From the Star Wars Facebook page.
It’s a great time to be a toy collector if you are a fan of vintage Kenner action figures. ZICA Toys has just announced their plan to make a line of 3 3/4″ Six Million Dollar Man action figures in the classic Kenner style.
The company looks serious about getting that vintage feel based off of this initial tease. These new sculpts were even created by someone that used to work for Kenner. It’s also interesting to note that Kenner’s vintage 14″ Bigfoot figure was used as a reference for this smaller figure.
The initial plan is to make the figures available online, but ZICA hopes to eventually have them sold through Toys R Us.
Here is the press release from Zica Toys:
New from ZICA Toys, The Six Million Dollar Man retro style action figures! Get ready to travel back to 1974 and relive the adventures of the world’s first bionic man. Sculpted in 3.75” scale, these harken back to the heyday of action figures, when the designs were simple and the fun factor was off the charts!
Assortment 1 includes Colonel Steve Austin (red tracksuit) and Bionic Bigfoot. ZICA Toys has big plans for this line and is hopeful that vehicles and playsets will eventually be available. Variants and exclusives are also planned but rest assured that everyone will have a fair opportunity to get them. Preorders are expected to begin soon so keep checking your favorite online retailer for more info.
Kenner employees were able to buy currently produced toys at a discount from a company ran store. Here is an employee’s receipt from 1995. This receipt is quite a bit more involved than the ones issued in 1983. Maybe Kenner was just doing a better job at record keeping at this point, or maybe they were well aware of some employees using the company store as a way to make a little extra cash on the side, and this was a way to discourage it.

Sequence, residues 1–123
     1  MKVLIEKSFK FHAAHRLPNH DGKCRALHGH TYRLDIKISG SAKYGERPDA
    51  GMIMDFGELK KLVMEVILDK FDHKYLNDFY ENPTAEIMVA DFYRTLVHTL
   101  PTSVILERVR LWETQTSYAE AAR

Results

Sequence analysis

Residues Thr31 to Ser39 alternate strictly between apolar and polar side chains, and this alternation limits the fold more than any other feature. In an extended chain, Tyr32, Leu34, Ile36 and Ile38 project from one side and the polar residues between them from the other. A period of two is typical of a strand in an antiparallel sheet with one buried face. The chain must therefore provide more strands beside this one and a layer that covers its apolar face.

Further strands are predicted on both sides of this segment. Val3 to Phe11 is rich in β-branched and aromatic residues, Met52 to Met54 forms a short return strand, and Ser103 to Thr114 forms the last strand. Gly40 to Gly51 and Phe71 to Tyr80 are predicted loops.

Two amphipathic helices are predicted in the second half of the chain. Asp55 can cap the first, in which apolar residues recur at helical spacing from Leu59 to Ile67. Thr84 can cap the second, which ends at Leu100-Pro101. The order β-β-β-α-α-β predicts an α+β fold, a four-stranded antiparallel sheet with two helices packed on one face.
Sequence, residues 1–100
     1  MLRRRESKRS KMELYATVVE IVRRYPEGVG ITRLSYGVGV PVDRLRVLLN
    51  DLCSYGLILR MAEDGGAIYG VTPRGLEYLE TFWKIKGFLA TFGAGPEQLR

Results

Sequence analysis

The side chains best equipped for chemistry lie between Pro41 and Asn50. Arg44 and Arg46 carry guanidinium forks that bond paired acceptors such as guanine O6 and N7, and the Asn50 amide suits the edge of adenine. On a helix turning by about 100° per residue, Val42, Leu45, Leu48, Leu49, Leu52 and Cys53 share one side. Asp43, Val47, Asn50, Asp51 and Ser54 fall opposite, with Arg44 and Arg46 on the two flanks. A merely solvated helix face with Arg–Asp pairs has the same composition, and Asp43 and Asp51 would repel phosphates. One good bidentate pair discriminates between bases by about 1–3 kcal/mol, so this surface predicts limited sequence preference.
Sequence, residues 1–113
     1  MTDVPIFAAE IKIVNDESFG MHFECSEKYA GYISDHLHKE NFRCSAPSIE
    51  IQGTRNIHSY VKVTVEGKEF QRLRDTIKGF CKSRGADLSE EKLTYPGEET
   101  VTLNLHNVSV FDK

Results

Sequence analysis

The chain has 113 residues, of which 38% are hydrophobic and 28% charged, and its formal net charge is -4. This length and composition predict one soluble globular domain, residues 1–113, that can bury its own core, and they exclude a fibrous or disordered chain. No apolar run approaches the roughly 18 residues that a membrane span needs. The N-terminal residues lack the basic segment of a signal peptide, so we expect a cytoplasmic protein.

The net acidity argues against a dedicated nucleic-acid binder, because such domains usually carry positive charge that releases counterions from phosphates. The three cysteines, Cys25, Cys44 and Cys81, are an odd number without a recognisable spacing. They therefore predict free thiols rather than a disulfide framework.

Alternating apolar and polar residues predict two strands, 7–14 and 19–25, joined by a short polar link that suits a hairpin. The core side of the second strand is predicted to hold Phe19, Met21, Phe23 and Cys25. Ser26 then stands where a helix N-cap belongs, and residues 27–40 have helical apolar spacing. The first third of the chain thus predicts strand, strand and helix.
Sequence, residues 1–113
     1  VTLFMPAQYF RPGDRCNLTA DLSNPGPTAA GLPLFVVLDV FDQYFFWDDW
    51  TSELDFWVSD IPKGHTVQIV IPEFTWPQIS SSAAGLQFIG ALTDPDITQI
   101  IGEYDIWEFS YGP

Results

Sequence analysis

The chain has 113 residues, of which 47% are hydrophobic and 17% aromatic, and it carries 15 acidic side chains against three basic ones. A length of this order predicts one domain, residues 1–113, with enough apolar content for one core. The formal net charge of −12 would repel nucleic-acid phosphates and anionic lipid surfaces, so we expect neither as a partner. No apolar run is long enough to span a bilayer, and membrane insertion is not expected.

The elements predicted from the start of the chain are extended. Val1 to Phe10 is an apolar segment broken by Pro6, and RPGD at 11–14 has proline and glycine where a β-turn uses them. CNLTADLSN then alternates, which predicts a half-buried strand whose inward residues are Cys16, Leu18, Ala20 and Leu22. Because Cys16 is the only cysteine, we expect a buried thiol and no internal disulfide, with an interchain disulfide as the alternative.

The receipt measures 8.5″ wide x 11″ tall and is for the following toys:
Spiked Tail Predator
Queen Face Hugger
Congo Karen Ross
Kenner magazine advertisement for the Snoopy Toothbrush. This was found in the December 1973 issue of Cincinnati Magazine.
The ad reads:
Snoopy makes it fun to brush your teeth!
Battery operated – no plug-in.
The ad also has the following copyright information:
1973 United Feature Syndicate, Inc.
1973 GENERAL MILLS FUN GROUP, INC.
by its Div., KENNER PRODUCTS, Cincinnati, Ohio 45202
The Snoopy Toothbrush from the 1973 Kenner Toy Fair catalog:
Here’s a fun behind the scenes photo from the December 1979 issue of Cincinnati Magazine. This shot of multiple Alien 18″ figures being packaged at Kenner is from an article about different consumer items being made in the Cincinnati area.
The excitement keeps building for Super7′s new line of Alien action figures. The figures are based off of Kenner’s unproduced 3 3/4″ prototypes. Super7 has updated their site with an order page for the figures, as well as a promise date of September 2013. Pre-order will begin at San Diego Comic Con.
Description from Super7′s order page:
In 1979, prototypes for 3 ¾” action figures for the ALIEN film were developed but never manufactured. Through our network of industry and collector contacts, Super7 has unearthed reference material and original 34-year-old prototypes and will now make these “lost toys” a reality.